COLUMN: Disagree, but disagree politely

Nova Uriostegui

It often costs a pretty penny for organizations to put on larger events such as QSA's drag show, but it costs very little to keep a negative comment off a social media post. While you can have an opposing opinion, there is a time and a place for discussion, and a simple advertisement post is not that place.

QSA advertised their event through a social media post in the unofficial Elmhurst College Facebook group, and while many liked the post, a couple people had some negative comments towards the event.

While everyone is allowed to express an opinion, their comments had no merit in the discussion and merely were to bring negativity towards this event: the first event of its kind.

Among the comments was opposition to the event being funded, but no real reason as to why. The events that are held by organizations are completely up to the organization, and the college has no real say in the content of event. Some organizations have to proposal to Co-Op for funding, but, besides that, organizations are free to do as they please and as they see benefits the campus community.

While you are allowed to have an opinion, you also need to be aware of how you get your point across.

People will disagree with campus events, but every comment on the post itself boosted it to the top of the group and gained more attention, which was ironic if the intention was to have the post taken down or have a lesser audience.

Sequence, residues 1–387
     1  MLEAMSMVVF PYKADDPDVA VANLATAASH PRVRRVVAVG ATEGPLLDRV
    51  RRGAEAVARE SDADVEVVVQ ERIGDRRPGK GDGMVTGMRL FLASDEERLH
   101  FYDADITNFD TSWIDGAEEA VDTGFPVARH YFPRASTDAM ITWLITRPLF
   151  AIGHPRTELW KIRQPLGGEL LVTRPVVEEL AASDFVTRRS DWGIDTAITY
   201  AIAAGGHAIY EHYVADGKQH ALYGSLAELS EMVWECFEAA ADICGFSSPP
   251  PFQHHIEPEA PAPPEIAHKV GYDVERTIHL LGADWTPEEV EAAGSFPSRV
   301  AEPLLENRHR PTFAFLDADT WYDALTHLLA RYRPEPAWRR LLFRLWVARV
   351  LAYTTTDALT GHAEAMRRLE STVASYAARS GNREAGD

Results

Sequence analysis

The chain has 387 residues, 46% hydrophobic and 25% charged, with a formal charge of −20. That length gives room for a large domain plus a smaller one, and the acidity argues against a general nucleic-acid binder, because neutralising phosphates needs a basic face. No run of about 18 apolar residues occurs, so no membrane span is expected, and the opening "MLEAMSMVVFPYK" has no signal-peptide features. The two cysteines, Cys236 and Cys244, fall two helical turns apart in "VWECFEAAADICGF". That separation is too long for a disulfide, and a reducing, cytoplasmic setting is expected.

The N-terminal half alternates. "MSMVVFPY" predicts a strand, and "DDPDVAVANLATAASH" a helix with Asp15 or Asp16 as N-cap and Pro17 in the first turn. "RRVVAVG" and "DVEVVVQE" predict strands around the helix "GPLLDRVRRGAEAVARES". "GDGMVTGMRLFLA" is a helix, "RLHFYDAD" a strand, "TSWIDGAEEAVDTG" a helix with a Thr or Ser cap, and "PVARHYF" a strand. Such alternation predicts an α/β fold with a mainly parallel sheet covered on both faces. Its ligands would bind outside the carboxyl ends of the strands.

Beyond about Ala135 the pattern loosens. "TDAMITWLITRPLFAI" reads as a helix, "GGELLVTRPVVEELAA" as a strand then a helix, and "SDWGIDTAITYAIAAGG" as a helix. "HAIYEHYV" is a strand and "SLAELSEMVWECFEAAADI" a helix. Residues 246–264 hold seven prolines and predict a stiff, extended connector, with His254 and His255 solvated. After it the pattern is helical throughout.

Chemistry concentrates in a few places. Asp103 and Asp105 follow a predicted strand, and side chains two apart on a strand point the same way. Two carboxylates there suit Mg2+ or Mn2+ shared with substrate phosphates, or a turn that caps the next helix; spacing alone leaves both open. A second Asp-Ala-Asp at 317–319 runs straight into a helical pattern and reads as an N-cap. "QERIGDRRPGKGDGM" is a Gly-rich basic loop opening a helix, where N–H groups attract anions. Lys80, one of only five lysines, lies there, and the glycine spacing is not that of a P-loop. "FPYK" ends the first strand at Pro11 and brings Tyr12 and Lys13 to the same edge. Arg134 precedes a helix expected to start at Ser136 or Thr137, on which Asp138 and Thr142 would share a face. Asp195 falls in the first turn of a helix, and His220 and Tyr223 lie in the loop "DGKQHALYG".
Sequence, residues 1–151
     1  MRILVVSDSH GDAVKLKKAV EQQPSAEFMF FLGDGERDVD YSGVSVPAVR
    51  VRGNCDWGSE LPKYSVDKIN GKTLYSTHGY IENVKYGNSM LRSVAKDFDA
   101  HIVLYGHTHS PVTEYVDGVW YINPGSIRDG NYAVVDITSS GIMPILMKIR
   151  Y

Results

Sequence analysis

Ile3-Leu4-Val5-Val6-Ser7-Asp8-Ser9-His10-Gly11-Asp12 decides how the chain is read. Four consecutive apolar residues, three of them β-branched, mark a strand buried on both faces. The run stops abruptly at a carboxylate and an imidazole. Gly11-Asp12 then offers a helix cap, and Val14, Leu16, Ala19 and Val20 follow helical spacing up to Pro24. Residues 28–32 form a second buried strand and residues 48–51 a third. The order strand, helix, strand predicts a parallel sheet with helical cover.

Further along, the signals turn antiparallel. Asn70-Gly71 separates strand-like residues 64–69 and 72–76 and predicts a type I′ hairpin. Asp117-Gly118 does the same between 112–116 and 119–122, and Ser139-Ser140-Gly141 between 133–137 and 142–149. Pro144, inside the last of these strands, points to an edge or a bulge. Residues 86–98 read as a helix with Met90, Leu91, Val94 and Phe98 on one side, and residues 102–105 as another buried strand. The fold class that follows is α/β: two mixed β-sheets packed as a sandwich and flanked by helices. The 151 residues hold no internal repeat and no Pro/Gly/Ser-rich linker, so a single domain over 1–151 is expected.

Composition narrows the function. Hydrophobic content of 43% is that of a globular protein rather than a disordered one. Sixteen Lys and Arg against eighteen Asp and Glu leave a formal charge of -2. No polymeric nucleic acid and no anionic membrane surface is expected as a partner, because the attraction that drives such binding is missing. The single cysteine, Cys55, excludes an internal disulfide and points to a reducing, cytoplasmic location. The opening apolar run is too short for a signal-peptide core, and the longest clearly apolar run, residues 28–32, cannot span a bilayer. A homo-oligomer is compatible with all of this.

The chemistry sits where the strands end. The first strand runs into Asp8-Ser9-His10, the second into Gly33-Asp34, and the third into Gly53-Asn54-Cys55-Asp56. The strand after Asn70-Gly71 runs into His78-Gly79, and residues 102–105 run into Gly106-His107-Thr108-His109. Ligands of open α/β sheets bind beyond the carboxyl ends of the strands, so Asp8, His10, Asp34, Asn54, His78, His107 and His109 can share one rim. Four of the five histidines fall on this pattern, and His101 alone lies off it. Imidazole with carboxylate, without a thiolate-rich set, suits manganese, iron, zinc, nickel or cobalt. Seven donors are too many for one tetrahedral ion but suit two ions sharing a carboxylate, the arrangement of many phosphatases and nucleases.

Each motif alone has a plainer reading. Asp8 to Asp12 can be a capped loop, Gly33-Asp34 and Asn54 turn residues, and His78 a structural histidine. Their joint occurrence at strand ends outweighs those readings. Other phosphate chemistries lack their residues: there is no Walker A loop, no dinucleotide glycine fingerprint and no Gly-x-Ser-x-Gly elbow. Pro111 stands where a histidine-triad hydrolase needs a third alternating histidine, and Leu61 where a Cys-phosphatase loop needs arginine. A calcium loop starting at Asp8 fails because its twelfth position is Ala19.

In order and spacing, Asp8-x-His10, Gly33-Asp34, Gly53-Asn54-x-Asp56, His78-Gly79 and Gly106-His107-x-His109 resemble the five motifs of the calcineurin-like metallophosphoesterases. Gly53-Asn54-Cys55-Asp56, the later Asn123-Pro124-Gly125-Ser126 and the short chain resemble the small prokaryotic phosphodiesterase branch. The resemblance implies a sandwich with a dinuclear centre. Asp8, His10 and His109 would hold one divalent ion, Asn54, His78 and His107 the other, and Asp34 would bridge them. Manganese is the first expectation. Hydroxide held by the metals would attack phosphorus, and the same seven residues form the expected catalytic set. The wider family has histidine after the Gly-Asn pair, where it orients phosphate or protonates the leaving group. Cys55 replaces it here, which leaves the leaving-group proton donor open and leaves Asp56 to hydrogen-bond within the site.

These events and organizations are at a collegiate level, and the way we communicate should be at this level too. The way things happened were childish.

Rather than comment on a post, you could have sent an email to open a discussion with the members of QSA or attend some meetings held by QSA, especially the one where they provided information about what drag was before the event.

Better yet, just keep your opinions to yourself.

It is not that hard to have a discussion about something to gain some knowledge on the other viewpoint, even if you do not agree with it.

We live in a country where people can have opposing viewpoints and on a campus where organizations have control over the events they put on, but it is up to the individual on whether or not they want to respond politely or if they want to be malicious.

We are college students, not high school students, and we will all face opposition at one point or another. Respond with respect if you do not like something, or do not respond at all. An opinion expressed disrespectfully is not one that deserves to be acknowledged.